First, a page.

State Council report - 10 March 2018
Queensland Teachers' Journal, Vol 123 No 3, 13 April 2018, p4
Minister addresses Council
This was the first Council since the State Election in 2017, and as a consequence, the QTU welcomed the new Minister for Education and Industrial Relations, Grace Grace.
Minister Grace received three standing ovations from State Council as she spoke about the importance of working with teachers and school leaders as we set the path for Queensland education. Minister Grace saw the importance of calling for a review of NAPLAN, as well as a review of the school uniform policy to enable girls of all ages to wear shorts and pants to school. Additionally, Minister Grace reported on her department’s response to the federal government’s “Gonski 2.0 Review”, which made it clear to the federal government that the Queensland Government ran state schools and would work with schools to ensure that they had access to funding to support the learning needs of their students. She noted that despite the federal government's attempts to tell the state government what to negotiate in future enterprise bargaining, the state government remained committed to the current certified agreement and would determine its own agenda for future bargaining. The Minister also acknowledged the need to ensure that, as the voice of the profession, the QTU needed to be returned to the Queensland Curriculum and Assessment Authority (QCAA) and that a full review of the Independent Public Schools program (IPS) would be undertaken.
Council supported rule changes which removed any reference to the position of treasurer at branch, Area Council and TAFE branch levels and changed the way Union Representatives would be elected. The three-year terms of Union Representatives in schools cease and there will no longer be a spill of all positions every three years. Reps will still have to re-nominate if they are transferred or if they take leave for more than 12 months. In addition, Union Reps can be removed from their positions in the rare event that they should fail to comply with directives or bring the Union into disrepute. The number of positions available in any workplace remains the same.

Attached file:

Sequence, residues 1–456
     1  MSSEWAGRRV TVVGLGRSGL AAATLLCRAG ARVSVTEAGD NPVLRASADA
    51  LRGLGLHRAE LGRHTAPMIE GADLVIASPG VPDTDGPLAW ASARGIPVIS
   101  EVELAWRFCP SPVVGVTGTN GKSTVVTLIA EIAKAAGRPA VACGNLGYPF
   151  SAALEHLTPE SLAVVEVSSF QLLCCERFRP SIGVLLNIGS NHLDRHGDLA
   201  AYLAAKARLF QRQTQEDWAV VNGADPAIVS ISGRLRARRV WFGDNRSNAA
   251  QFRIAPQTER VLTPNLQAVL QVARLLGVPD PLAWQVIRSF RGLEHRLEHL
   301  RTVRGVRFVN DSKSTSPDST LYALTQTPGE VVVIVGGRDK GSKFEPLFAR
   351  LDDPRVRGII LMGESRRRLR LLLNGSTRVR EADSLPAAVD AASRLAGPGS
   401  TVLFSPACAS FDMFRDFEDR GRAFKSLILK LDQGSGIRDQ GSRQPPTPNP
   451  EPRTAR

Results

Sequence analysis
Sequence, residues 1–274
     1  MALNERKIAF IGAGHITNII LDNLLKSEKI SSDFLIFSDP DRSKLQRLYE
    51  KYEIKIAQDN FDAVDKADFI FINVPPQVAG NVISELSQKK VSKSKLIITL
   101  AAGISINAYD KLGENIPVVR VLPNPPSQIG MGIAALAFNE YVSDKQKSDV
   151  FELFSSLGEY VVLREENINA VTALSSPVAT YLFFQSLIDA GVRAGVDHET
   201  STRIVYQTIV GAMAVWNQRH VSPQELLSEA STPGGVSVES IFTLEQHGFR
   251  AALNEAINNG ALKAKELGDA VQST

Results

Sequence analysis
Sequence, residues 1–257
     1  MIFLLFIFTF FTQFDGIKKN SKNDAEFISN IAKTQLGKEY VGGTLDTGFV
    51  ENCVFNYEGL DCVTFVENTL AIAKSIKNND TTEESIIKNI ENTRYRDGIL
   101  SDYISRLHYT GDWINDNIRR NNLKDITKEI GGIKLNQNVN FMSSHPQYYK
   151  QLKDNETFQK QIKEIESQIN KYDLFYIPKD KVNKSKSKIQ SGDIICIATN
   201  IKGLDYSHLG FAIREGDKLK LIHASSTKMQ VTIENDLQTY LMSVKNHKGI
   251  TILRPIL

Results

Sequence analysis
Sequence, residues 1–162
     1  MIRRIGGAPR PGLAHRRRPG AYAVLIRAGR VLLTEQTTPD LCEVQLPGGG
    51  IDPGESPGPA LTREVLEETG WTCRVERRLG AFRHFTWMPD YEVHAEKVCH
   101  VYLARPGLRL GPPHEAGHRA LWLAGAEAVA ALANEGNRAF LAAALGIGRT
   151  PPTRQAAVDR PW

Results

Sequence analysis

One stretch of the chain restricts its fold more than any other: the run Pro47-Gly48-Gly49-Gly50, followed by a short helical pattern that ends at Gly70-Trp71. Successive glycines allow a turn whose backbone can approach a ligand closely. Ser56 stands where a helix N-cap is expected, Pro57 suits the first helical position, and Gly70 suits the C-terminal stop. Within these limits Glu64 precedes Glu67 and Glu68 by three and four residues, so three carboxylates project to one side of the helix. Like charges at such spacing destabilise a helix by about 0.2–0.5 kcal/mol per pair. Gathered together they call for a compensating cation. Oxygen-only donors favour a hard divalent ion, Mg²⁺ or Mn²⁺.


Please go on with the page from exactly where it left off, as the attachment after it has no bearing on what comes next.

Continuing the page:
Council celebrated the success of member activism at the local level. A representative from Blackbutt State School spoke about the strategies used by members at the school to secure appropriate resourcing to ensure their safety arising from some complex behaviours being displayed by students.
The processes used by the Adult Migrant Education Program at TAFE Brisbane to address workload intensification were also acknowledged. Following a process of member meetings to identify key issues and engagement, a special LCC meeting was held and senior managers are now taking measures to address the concerns of members.
Change the Rules
As part of this campaign, the QTU identified that a recent decision of the construction watchdog, the ABCC, banning the display of union logos including the Eureka Stockade flag from federal building sites needed to be challenged. In an act of solidarity, the QTU has produced stickers displaying the Eureka flag and distributed them to Union Reps and other members.
The Eureka flag is not synonymous with any one union. It was flown during the Eureka Rebellion and since then has come to represent defiance and has been adopted by the union movement in a number of campaigns.
The production of the stickers is a symbol that the QTU will stand up and speak out against attacks on our freedom of speech and the right of members to be proud of their Union. Unfortunately, the state opposition leader has determined that one of her first acts of government if elected would be to ban union symbols from schools. Once again the LNP are showing that they want to tell schools what they should do rather than respecting the professional judgement of school leaders and teachers.
More information about the Change the Rules campaign can be found on the QTU website.
Deputy General Secretary